Tom Peterkin: Bute House invitation a welcome move

The Holyrood press pack have long been lobbying for a press conference with the First Minister. Picture: Contributed
The Holyrood press pack have long been lobbying for a press conference with the First Minister. Picture: Contributed
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An invitation to Bute House was welcomed by the press corps, writes Tom Peterkin

For some time the Holyrood pack has been lobbying for a press conference with the First Minister.

In contrast to her predecessor Alex Salmond, who held such events reasonably regularly, Nicola Sturgeon had appeared reluctant to host frequent briefings with what has become known as the mainstream media.

At a lunch hosted by the Scottish Parliamentary Journalists’ Association and attended by Sturgeon, the lack of First Ministerial briefings was noted when she was asked to open herself up to more scrutiny from the press.

To her credit, Sturgeon pledged to try and meet with the press more regularly. So it was that this week the “At Home with Nicola” invitations finally dropped through the letterbox and the press corps duly arrived at Charlotte Square armed with their cameras, notebooks and questions.

Sitting in the Bute House drawing room as the First Minister took to her podium, it was impossible not to observe the contrast in style and tone offered by Sturgeon when compared with ­Salmond.

In the main, Salmond appeared to enjoy jousting with the press, favouring a bullish and jocular style, mixed with thinly disguised contempt for his opponents.

He was unable to resist chuckling at his own witticisms while making his point with little in the way of humility and with an unmoveable conviction that his way was the only way.

Many of those at Tuesday’s press conference were struck by the tone adopted by Sturgeon, which was far more conciliatory – even ahead of yesterday’s debate on Syrian airstrikes.

Sturgeon was calm and measured when discussing this highly emotive and sensitive issue that has set the SNP implacably against David Cameron’s plans for military action.

As she reaffirmed the SNP’s intention to vote against the Prime Minister, she had the grace to describe her disagreement with Cameron as “an honest difference of opinion”. Furthermore, she went as far as praising the way the Prime Minister had handled the issue.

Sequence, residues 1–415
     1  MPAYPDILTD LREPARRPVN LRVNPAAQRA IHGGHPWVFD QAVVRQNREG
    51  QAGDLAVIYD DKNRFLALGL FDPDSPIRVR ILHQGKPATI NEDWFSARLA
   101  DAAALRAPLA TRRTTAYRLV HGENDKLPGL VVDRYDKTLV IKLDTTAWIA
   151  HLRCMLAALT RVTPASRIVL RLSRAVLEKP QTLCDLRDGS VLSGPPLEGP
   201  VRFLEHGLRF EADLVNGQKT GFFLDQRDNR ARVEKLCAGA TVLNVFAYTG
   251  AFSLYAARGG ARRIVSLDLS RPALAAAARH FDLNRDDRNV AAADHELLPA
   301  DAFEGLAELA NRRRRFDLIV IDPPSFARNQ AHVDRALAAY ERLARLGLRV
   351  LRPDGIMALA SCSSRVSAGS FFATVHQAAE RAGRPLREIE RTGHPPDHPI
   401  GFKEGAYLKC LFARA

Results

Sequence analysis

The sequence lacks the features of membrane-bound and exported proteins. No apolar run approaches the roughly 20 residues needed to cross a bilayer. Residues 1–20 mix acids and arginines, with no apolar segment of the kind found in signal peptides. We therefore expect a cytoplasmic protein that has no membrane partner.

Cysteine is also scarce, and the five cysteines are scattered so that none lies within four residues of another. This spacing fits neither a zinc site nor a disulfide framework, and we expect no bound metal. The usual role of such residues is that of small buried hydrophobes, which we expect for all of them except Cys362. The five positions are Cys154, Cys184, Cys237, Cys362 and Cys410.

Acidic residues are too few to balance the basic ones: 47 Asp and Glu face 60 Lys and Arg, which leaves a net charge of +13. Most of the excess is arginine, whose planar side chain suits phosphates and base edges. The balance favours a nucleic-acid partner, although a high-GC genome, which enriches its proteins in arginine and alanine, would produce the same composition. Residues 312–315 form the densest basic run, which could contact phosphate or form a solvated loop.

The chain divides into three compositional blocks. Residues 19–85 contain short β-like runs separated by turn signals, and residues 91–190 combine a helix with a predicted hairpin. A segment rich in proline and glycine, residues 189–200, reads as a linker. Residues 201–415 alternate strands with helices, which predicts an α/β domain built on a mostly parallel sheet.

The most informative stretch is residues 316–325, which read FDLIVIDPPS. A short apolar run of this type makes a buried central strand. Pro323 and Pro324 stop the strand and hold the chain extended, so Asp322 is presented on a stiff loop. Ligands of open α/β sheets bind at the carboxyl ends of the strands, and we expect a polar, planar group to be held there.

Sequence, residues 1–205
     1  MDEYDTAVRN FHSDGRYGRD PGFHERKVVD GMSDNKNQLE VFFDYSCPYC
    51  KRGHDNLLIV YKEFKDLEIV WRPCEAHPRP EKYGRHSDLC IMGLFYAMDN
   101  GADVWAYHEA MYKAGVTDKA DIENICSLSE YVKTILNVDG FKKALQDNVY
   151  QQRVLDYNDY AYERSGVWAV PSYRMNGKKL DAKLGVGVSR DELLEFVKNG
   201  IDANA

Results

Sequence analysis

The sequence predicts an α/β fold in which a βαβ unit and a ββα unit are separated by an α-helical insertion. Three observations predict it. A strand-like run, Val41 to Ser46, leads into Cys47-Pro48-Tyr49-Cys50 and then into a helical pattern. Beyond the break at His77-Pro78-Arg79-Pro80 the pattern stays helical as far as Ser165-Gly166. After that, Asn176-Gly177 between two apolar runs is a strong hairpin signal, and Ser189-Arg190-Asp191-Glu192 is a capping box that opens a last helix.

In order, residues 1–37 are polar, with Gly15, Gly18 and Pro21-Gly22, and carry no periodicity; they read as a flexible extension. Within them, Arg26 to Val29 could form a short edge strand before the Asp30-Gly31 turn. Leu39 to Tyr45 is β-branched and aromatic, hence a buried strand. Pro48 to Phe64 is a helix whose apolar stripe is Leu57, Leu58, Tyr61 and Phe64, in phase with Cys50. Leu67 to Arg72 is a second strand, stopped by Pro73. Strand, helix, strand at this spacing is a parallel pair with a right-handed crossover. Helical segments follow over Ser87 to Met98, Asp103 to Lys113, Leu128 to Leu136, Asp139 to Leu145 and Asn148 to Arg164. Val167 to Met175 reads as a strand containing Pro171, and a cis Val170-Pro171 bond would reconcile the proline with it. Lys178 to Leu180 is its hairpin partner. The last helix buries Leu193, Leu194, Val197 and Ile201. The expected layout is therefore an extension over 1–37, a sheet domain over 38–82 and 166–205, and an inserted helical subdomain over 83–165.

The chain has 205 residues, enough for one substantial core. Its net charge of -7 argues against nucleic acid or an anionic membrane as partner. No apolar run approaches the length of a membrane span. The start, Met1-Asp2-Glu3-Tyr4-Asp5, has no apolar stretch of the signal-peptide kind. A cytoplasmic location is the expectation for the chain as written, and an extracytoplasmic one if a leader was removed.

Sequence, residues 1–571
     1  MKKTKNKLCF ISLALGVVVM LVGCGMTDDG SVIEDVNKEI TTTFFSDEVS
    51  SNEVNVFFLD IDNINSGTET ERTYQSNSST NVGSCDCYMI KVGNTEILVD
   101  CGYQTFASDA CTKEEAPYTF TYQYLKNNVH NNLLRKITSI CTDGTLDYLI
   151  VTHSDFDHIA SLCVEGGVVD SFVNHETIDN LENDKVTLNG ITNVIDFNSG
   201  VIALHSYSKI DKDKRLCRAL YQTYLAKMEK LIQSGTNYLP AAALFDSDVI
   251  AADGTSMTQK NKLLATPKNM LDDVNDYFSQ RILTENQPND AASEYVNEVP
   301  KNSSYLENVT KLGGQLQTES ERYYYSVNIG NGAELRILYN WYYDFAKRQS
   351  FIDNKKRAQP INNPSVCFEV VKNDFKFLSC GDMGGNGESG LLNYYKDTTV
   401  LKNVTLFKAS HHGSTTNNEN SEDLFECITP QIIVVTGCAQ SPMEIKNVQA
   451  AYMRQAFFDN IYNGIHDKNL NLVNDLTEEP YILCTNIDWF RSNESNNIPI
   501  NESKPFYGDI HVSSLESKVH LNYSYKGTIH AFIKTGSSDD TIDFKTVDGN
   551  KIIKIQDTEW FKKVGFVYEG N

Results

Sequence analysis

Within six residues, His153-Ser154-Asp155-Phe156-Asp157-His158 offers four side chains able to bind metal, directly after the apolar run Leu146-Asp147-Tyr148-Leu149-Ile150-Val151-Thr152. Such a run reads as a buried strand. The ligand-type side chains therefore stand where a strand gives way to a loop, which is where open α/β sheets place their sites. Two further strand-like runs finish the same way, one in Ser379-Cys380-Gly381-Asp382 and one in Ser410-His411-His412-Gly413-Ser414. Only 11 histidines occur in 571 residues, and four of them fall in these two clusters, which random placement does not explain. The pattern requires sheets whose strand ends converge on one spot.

“I should say I thought the tone adopted by the Prime Minister in the House of Commons was a very good one. He went out of his way to seek and address the concerns that had been raised. He did make progress in doing that,” said Sturgeon.

Admittedly she said made those remarks before Cameron made his ill-chosen plea to his MPs not to vote with a “bunch of terrorist sympathisers”.

Nevertheless, it was very hard to imagine Salmond giving Cameron any such credit or acknowledging, as Sturgeon did, that she did not question the Prime Minister’s motivation.

Salmond was content to chew the fat – an indulgence which was often welcomed by inquisitors but which also saw press conferences over-run.

His loquaciousness contrasted with Sturgeon’s brusque and businesslike style, which ensured that the press conference began and ended bang on schedule.

That’s not to say that Sturgeon’s love of efficiency precluded the possibility of a First Ministerial joke. Her attention was drawn to the independence supporters who have set up camp outside the Scottish Parliament to campaign for a second referendum. “What would be your advice to the Holyrood campers?” she was asked. “Wrap up warm,” was the pithy reply, delivered without a hint of self-congratulatory laughter.

It was an answer that led to the hacks wondering whether it gave them licence to go for a “Nicola says Carry On Camping” headline. Whether it did or not there was certainly an earnest hope that Sturgeon carries on giving press conferences.